Why Lindsay Lohan Was Cast as Elizabeth Taylor

11.26.2012

By Jeremy Kinser

'Liz & Dick' producer Larry Thompson defends the controversial casting of the troubled starlet as the late screen icon in the upcoming Lifetime film biography.

Earlier this year when it was announced Lindsay Lohan would portray beloved screen star and AIDS activist Elizabeth Taylor in Liz & Dick (premiering on Lifetime November 25), a look at the legendary romance between the actress and two-time husband Richard Burton, a mini-brouhaha erupted. Taylor’s fans wondered if there was a more dignified choice to play the actress (who died in 2011) than Lohan, once a promising starlet in hit films such as Mean Girls but lately better-known for court appearances, arrests, and stints in rehab than for challenging acting roles. Liz & Dick producer Larry Thompson, a veteran of numerous other biopics, defends his controversial casting choice and tells Out about any regrets he later felt about the decision, the parallels between the two women, and what he feels Taylor would think of his film.

Out: What is it about Lindsay Lohan that made you feel she was the right person to play Elizabeth Taylor?
Larry Thompson: Well, to make a movie about Elizabeth Taylor required something exceptional, and while we could hire other actors who could give us a competent performance, we felt that Lindsay could bring magic to Elizabeth Taylor. We felt that, while it probably was risky on paper, that the reward she could bring if it happened right would be wonderful. And I'm guardedly optimistic that the audience will feel the same way. I do think that there was an inner essence about Lindsay Lohan that allowed her to understand Elizabeth Taylor maybe better than some other actresses of her age. And I don't know how many young actresses have that...have been divorced four times at 29 and have lived such a public life‚ living to excess and all that. Lindsay Lohan could relate to Elizabeth Taylor, and we felt that with the combination of her acting talent with her personal experiences similar to Elizabeth Taylor‚ she could bring a level of maturity and understanding to the role that maybe others might not.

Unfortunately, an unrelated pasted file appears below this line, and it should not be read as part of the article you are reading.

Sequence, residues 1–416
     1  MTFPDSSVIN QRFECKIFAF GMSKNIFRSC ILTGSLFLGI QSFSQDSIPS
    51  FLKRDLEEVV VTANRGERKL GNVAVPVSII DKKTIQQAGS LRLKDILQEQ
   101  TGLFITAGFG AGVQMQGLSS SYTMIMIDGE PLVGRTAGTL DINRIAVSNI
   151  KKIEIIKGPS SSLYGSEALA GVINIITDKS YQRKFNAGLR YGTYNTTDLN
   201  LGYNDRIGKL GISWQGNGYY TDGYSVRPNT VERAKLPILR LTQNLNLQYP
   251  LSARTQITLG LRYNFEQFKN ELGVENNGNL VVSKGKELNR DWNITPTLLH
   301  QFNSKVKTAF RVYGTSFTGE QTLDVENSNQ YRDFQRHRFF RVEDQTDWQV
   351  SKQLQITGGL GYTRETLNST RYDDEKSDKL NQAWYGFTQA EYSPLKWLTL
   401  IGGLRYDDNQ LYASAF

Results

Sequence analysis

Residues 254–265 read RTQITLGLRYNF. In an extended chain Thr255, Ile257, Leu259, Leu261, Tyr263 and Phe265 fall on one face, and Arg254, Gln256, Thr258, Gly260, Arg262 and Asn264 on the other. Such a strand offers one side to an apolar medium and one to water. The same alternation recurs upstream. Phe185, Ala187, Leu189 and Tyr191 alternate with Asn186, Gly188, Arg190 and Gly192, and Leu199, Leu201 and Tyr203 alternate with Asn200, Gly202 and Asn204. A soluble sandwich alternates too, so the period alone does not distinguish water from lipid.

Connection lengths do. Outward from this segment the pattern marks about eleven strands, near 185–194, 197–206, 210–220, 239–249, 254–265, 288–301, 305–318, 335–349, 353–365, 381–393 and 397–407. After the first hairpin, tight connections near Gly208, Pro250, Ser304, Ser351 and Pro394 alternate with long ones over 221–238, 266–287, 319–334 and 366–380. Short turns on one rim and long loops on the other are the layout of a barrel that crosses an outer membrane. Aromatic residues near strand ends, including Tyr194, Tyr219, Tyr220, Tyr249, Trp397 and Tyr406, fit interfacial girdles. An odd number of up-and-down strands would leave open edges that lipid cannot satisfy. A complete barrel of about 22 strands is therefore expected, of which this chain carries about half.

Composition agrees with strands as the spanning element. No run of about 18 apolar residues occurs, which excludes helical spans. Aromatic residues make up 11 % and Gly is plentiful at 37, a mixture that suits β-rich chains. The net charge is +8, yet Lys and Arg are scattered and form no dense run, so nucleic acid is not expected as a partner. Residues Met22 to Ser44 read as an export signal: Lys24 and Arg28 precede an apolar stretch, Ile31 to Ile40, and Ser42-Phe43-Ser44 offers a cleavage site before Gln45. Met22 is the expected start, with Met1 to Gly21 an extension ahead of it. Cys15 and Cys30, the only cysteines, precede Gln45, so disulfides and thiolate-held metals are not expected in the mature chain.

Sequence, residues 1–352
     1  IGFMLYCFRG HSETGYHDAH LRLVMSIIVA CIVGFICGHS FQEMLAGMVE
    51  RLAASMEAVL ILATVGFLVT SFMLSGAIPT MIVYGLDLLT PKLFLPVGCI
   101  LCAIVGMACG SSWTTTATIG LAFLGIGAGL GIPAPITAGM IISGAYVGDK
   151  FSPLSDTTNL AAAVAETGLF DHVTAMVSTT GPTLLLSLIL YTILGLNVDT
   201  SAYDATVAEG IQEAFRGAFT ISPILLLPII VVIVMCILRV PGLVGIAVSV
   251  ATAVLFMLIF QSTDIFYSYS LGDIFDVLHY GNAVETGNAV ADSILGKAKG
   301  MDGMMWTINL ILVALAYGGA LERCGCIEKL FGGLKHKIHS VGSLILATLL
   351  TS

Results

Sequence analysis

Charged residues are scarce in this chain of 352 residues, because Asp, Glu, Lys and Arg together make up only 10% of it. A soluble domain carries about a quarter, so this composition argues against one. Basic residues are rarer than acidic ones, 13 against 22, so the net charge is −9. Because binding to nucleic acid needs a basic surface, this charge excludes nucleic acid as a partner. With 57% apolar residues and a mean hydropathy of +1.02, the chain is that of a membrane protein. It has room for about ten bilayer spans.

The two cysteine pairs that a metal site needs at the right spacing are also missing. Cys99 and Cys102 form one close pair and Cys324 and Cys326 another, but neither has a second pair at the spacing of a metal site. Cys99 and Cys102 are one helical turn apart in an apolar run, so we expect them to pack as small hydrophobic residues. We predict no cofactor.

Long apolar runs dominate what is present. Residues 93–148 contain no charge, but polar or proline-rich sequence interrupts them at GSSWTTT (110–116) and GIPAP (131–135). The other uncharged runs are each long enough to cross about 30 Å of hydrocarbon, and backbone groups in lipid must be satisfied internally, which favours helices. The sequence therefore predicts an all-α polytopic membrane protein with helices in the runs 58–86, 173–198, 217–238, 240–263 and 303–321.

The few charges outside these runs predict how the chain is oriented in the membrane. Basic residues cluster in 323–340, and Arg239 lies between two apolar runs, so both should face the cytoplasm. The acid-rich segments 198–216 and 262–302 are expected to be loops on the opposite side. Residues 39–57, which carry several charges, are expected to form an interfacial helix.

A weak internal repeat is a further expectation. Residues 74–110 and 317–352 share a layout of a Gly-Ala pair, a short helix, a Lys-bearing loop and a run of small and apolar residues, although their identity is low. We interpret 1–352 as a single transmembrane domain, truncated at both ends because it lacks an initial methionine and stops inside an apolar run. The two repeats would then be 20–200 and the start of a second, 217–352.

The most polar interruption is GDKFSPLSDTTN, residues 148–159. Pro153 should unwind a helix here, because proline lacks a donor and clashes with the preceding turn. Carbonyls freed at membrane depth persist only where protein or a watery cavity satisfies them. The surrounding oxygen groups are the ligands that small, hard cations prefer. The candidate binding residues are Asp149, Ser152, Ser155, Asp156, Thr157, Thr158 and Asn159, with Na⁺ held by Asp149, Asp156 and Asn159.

While there are certainly parallels between Lindsay's life and Taylor's personal life, there's not really a physical resemblance, although in makeup, she does resemble her. Are there physical attributes that made you want to choose her for the role?
When you're making a movie about iconic figures, I'm quite aware that the first thing people ask is, "Oh, do they look like them?" Having made a movie about Lucille Ball and Desi Arnaz and having made a movie about Sonny and Cher and the Duke and Duchess of Windsor, I know that the first thing people want to know is, "Do they look like them?" But at some point, shortly into the movie, if all you've got is someone who looks like them, but can't make you feel that they are that person, they could be identical and it won't work. So what's important is to do a combination of the right look with the right talent. We're not out to do an impersonation. We're out to do an impressionistic portrait of Elizabeth Taylor and Richard Burton.

What was Lindsay's work ethic on the set? 
I think that she recognized this as an opportunity to show her many fans and dissenters that she still had it and that she was on her game and committed to deliver the performance of her life.

What kind of research did she do? Did you ask her to watch Elizabeth 's films?
Oh, I gave her everything we had, from books, magazines, movies. She devoured Elizabeth Taylor. She channeled Elizabeth Taylor. She was obsessed with Elizabeth Taylor. She became Elizabeth Taylor.

Tags: Television
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